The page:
This is a sound that is familiar to many cinema-goers, the THX Ltd.’s “audio logo” Deep Note. Stuart Memo was asked to recreate it using the Web Audio API for last year’s JSConf EU, and in this blog post he shares the sound and the code used to create it. Stuart’s very prolific, and often creates interesting Web Audio experiments. He’s created a newsletter to share them: you should sign up.
RSA Key Extraction via Low-Bandwidth Acoustic Cryptanalysis
This crazy article caught my eye over the break. Researcher’s have found a way to extract cryptographic keys using acoustic analysis of the high-pitched squeals our laptop computers make. The full paper has the fascinating details, but I’ll link to the summary page to save you an 8Mb download.
A while ago Chris Wilson, developer evangelist at Google and all-round Web Audio good-guy, released a simple pitch detection demo using the Web Audio API. You’d use pitch detection to build a guitar tuner, for example. Pitch detection, especially in more complicated cases can get very difficult. In this post, Chris talks about how he improved his initial simple algorithm, and shares a lot of really useful tips for building Web Audio applications. Of particular interest is his advice on syncing animation with audio in our applications.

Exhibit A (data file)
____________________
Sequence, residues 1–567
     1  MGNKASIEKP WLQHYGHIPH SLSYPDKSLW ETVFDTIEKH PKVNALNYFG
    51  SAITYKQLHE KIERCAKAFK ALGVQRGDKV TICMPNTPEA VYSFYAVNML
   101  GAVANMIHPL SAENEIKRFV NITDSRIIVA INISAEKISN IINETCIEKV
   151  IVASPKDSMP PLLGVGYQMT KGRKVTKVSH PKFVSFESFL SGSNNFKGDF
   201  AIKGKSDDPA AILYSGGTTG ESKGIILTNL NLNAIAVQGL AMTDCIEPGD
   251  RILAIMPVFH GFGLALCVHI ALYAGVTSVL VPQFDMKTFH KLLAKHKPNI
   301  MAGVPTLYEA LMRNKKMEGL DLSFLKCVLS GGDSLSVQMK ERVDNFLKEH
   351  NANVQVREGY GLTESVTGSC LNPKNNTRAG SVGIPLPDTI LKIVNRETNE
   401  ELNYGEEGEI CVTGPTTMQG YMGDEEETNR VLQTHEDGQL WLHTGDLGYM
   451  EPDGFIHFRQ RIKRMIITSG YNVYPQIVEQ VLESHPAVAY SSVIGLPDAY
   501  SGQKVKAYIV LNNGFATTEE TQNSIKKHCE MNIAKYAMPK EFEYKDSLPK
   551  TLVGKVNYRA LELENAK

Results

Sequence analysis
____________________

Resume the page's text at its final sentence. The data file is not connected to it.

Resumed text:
Finally, it wouldn’t be Web Audio Weekly without something esoteric and MIDI-related. This time (via @andrewn), this article talks about the relationship between mathematical proofs and music. The author has derived musical pieces from automated analysis of mathematical proofs. Head the warning, however: “make sure your media player is set to a ‘piano’ sound and not an ‘electronic organ’ sound, otherwise it will sound horrible”.